Lean Tools such as pull planning, constraint management, and visual communication boards will go a long way to help in the implementation of The Last Planner System. Lean construction expert and author Keyan Zandy explains.
Our motivation with The Lean Builder is to explain the concepts, tools, and principles of Lean in an easy-to-understand manner based on our experience with the realities of day-to-day life on the jobsite. Our hope is that you can add Lean tools to your tool belt that will create a culture of continuous improvement and improve production and workflow, giving you hours back in your day. If you’re new to Lean, sold on the benefits, and feel ready to make the leap, then here is how you should start.
1: Move to a Daily Huddle
Are your subcontractor/field coordination meetings unproductive? Do the foremen seem disengaged? Do topics take too long to work through? Consider switching to a daily huddle, as well as these practices:
- Set a Timer—A huddle should last no longer than 15 to 20 minutes. If you go longer than that, you risk losing the attention and engagement of the participants.
- Start and End on Time—Punctuality makes a good first impression, fosters productivity, establishes routine, builds trust, and shows you value everyone’s time.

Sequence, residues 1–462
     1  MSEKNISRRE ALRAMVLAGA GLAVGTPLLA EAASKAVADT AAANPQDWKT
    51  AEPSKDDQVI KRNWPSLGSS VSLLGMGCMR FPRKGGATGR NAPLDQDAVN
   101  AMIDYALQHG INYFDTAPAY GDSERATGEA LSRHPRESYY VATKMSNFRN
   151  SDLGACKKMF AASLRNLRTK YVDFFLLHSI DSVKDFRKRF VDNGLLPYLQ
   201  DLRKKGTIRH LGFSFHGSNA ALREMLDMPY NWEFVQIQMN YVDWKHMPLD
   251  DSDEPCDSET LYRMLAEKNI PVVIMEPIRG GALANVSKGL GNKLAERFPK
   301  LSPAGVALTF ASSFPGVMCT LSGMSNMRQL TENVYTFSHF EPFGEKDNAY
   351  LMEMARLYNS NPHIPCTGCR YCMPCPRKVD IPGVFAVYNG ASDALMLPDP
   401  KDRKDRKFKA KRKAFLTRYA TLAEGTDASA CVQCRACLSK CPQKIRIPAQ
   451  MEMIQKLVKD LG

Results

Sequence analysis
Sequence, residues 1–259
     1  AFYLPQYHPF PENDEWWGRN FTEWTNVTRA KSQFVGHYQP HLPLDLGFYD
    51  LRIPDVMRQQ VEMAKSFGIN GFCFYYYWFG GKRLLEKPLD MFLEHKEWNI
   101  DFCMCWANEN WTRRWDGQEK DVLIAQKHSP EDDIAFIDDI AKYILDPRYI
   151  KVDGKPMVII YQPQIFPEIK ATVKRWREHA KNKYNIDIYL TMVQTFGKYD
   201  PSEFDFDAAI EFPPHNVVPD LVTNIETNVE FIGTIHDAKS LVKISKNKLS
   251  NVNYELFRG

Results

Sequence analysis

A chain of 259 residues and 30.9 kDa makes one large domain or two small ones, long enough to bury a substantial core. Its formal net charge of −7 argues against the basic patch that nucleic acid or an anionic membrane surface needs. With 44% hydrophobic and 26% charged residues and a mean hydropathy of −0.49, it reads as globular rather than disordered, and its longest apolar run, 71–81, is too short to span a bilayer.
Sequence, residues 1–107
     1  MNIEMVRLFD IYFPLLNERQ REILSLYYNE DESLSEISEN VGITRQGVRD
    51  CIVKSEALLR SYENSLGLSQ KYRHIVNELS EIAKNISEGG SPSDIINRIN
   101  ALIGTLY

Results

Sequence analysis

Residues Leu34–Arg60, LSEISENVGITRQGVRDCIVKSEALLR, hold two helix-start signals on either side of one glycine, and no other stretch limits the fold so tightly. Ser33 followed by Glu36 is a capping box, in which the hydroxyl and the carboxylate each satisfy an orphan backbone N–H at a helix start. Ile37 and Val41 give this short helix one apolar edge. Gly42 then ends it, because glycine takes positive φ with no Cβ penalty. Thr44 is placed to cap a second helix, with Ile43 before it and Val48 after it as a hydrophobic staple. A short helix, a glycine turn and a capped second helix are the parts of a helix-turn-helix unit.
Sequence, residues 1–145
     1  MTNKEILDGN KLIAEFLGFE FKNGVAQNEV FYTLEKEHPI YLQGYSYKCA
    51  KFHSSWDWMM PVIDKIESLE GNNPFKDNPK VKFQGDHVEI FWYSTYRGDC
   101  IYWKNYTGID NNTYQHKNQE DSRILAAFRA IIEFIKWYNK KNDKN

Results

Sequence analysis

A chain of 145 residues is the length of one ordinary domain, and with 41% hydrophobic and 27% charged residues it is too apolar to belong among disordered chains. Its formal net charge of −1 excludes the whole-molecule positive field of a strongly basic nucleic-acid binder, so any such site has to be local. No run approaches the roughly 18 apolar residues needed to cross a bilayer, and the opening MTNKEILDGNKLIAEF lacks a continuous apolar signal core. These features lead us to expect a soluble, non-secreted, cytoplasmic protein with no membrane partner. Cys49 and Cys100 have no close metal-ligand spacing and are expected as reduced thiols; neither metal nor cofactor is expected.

- Phones Off—Everyone should be present. Allowing participants to use their phones shows a lack of respect by implying that whatever is on the device is more important than the people and the conversation in the room.
- No Chairs—Keep everyone standing. This helps maintain focus on the discussion at hand.
- Two-Minute Rule/Parking Lot—If an issue has been discussed for more than two minutes, it should be set aside and resolved later. Write down this topic on a list titled “parking lot” for a discussion following the huddle with only the people who need to be involved, as opposed to the entire team.
To learn more about daily huddles, read 7 Rules for a Great Daily Huddle
2: Employ Visual Communication Tools
Visual communication tools play a very important role in establishing and maintaining reliable workflow in the field. When communication breaks down, teams experience loss of productivity, hindered completion times, and costly errors. Visual communication tools significantly help bridge communication gaps and facilitate better trade-to-trade collaboration at the morning huddle.